a. 2006 - 2010: Optimisation of farm strategies for the control scheme. Project title: Use of Bayesian statistical methods to investigate farm management strategies, cow traits and decision-making in the prevention of clinical and sub-clinical mastitis in dairy cows.' PI Prof Martin Green, University of Nottingham. Funder: Wellcome Trust (Fellowship — WT076998) — £404,000.

b. 2008-2012: Implementation and evaluation of the national programme. Project title: The DairyCo Mastitis Control Plan Co- P.I.s Prof Martin Green, Dr Andrew Bradley, Co-Is: Dr James Breen and Mr Chris Hudson, University of Nottingham. Funded by DairyCo UK. (Jointly held with industrial partner Quality Milk Management Services Ltd.) — £310,000.

c. 2009-2013: Evaluation of the influence of variation in veterinary beliefs on mastitis control. Project title: A quantitative (Bayesian) assessment of veterinary surgeons clinical beliefs in order to improve preventive healthcare for dairy cattle. PI. Prof Martin Green, University of Nottingham. Funder: Wellcome Trust (WT087797) — £313,000.

d. 2012-2013: Continuation and evaluation of the national mastitis control programme. Project title: Continuation of the DairyCo Mastitis Control Plan. Co-P.I.s Prof Martin Green, Dr Andrew Bradley, Co-Is: Dr James Breen and Mr Chris Hudson, University of Nottingham. Funder: DairyCo UK — £281,000.

e. 2012-present: Continued optimisation of farm strategies for control: A Bayesian decision- theoretic framework to evaluate and optimize decision making for mastitis control in the UK Mastitis Control Scheme. BBSRC CASE studentship ~£91,000.

Evidence of the international quality of the research is indicated by the publication of the papers in international, peer-reviewed journals (Journal of Dairy Science and Veterinary Research are the top rated journals in the fields of dairy and veterinary research respectively), invitations for the researchers to present the work at international conferences and continuous funding of the work over a period of 10 years by the Wellcome Trust and DairyCo.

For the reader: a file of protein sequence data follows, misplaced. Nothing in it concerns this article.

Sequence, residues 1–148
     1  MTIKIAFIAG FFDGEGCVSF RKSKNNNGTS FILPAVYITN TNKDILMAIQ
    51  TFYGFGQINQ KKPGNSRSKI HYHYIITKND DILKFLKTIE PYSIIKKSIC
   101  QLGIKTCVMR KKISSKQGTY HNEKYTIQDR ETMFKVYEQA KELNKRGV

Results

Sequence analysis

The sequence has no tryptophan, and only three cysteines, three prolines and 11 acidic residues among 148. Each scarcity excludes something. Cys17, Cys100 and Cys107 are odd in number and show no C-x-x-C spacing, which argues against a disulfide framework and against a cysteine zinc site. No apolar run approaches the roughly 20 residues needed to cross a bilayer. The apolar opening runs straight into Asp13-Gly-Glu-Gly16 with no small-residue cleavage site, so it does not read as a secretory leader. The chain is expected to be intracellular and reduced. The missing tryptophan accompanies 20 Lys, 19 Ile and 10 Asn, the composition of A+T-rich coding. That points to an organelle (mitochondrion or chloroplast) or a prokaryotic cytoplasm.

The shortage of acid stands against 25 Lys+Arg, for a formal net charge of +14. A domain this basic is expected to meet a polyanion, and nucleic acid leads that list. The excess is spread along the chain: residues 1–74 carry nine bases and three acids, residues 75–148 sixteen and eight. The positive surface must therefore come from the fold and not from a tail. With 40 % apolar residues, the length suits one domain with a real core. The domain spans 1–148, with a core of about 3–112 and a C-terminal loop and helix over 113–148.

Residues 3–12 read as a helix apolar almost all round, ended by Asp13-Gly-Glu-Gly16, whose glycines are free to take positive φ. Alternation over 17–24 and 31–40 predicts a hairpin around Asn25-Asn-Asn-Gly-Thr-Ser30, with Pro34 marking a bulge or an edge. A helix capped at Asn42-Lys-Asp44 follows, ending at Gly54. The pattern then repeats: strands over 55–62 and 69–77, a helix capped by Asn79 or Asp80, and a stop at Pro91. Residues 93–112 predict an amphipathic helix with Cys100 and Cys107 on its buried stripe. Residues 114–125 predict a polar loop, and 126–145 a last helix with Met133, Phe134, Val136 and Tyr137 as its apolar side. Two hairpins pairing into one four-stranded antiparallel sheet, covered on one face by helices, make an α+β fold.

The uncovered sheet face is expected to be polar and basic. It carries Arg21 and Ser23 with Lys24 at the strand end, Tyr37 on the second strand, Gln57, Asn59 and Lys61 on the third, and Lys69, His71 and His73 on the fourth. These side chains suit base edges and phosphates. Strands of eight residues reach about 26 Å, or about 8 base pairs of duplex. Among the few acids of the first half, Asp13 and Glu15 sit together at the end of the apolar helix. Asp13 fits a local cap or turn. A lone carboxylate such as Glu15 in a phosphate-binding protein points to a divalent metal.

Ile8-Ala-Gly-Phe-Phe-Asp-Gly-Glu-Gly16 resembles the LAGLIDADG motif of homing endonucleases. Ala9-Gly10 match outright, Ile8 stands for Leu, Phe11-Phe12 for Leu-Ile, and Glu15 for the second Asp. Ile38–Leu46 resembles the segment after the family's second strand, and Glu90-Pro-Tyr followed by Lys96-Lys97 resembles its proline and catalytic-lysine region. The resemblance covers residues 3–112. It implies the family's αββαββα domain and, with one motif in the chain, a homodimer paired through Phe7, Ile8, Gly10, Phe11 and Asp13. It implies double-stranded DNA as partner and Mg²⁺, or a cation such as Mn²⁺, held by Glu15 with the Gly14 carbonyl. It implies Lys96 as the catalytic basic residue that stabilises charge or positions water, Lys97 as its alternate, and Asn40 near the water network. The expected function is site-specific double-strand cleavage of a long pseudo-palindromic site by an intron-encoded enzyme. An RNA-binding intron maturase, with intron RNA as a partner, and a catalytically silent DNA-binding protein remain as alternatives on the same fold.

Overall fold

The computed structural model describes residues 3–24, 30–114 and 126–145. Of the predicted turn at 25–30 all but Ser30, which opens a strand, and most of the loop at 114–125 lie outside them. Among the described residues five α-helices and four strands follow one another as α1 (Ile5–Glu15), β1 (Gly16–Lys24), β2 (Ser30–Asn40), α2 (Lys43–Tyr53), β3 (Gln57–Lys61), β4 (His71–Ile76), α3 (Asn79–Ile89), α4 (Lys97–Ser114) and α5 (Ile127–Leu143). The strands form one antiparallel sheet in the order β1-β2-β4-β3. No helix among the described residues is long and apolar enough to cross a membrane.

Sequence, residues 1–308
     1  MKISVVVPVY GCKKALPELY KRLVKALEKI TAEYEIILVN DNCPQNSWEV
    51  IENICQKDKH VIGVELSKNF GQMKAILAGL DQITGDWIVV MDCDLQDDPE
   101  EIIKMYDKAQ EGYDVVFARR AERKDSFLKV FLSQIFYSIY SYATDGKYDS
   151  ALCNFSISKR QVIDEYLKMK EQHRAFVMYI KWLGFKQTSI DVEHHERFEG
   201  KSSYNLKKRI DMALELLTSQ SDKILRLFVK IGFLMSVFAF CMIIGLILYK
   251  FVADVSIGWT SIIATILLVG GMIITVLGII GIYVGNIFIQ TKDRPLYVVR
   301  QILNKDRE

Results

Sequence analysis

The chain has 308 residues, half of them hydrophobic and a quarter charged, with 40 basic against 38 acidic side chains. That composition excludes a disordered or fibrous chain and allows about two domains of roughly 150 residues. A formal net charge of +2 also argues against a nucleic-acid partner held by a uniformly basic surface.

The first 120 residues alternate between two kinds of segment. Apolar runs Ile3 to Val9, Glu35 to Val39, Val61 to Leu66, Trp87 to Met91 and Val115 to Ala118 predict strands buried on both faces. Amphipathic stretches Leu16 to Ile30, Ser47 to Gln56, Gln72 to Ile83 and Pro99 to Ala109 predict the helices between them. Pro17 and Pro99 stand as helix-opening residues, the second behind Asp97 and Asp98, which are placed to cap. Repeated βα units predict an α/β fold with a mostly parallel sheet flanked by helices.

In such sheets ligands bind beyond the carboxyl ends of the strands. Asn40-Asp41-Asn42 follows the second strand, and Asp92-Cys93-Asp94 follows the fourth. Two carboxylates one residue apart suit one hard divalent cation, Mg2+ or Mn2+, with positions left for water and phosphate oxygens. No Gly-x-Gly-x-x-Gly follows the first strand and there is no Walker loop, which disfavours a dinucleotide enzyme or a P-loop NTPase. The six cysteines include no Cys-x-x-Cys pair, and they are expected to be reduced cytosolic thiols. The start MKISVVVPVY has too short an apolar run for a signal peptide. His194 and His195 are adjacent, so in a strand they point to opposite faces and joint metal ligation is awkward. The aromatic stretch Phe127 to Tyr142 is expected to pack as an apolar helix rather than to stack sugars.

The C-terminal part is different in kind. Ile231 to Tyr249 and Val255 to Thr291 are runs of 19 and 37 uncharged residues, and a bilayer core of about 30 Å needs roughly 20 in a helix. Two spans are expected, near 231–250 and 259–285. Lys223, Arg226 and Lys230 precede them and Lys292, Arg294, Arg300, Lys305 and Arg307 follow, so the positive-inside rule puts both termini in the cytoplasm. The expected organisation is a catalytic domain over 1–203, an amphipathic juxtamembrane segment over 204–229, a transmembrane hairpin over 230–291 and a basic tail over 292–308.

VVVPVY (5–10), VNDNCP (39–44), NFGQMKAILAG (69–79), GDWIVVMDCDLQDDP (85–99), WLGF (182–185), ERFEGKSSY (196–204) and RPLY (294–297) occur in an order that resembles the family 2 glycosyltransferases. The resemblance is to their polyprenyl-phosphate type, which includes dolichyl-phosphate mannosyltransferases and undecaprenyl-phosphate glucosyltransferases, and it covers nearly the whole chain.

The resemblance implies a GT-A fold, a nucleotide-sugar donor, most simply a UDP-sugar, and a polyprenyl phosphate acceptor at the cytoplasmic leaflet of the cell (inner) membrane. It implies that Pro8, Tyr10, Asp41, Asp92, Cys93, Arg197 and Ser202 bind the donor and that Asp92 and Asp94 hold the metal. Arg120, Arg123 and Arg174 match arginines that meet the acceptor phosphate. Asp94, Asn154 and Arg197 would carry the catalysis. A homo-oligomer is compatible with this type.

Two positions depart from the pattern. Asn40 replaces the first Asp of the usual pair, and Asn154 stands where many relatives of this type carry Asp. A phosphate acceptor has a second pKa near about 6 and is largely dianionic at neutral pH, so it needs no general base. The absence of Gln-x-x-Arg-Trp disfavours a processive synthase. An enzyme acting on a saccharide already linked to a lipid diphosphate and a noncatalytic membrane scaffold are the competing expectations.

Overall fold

Details of the impact

Bovine mastitis, an inflammation of the mammary gland following bacterial invasion, is the foremost endemic infectious disease of dairy cattle worldwide. Mastitis is financially the most important disease of dairy cattle, causing annual production losses of more than £170M in the UK and US$ 2.0B in the USA, and is one of the most important diseases of farmed livestock. The welfare implications of mastitis are severe and were highlighted in recent UK Farm Animal Welfare Council Reports on the Welfare of Dairy Cattle. The impact of bovine mastitis on the environment is also important because an increased incidence of mastitis requires more cows to produce a given quantity of milk resulting in an increased environmental footprint. In Great Britain the incidence of mastitis in dairy cattle is between 47 - 65 cases per 100 cows per year. Mastitis has a multi-factorial aetiology and any control programme has to involve a number of management changes in order to derive benefit. The DairyCo Mastitis Control Plan is a new control strategy to enable veterinarians and consultants to identify best interventions for individual dairy farms and produce a farm-specific preventive plan. The plan includes a novel piece of software to enable trained users to carry out the process. The control plan produces a hierarchical ranking of possible farm interventions, and places them in order of likely efficacy, dependent on the farm's mastitis pattern. The DairyCo Mastitis Control Plan encompasses the entire process; from farm diagnosis, to identification of the best control measures, to implementation of the measures on farm — all based on the research detailed in this statement. For example, control measures could include making alterations to the cow's environment, changing the milking procedure or changing dry cow nutrition. The control plan incorporates all aspects known to influence the risk of mastitis but uniquely does so in a way to identify the optimal control strategy for each individual farm. Over two hundred and fifty veterinary surgeons and consultants have been trained in the application of the control plan since 2009 (Source 2), and it continues to be implemented in a coordinated way throughout Great Britain (Sources 1 & 2). The national acclaim and media attention (Sources 3, 4, 5 & 6) provides evidence of the scheme's widespread uptake and influence.

Approximately 90% of the work to develop the scheme was conducted by researchers at Nottingham. UoN researchers provided the entire underpinning information for the development and implementation of the national mastitis control scheme, in terms of its technical make up, optimisation, execution and evaluation. The national scheme was designed and tested in a randomised controlled trial and this directly led to the scheme being chosen and started by DairyCo UK. The original control plan was honed prior to national launch, through the subsequent analytic research that introduced refinements. Bespoke software was developed to translate the research findings into a format appropriate for use on a national scale (the DairyCo "ePlan"), and this software was designed from the findings of the research described (Source 2).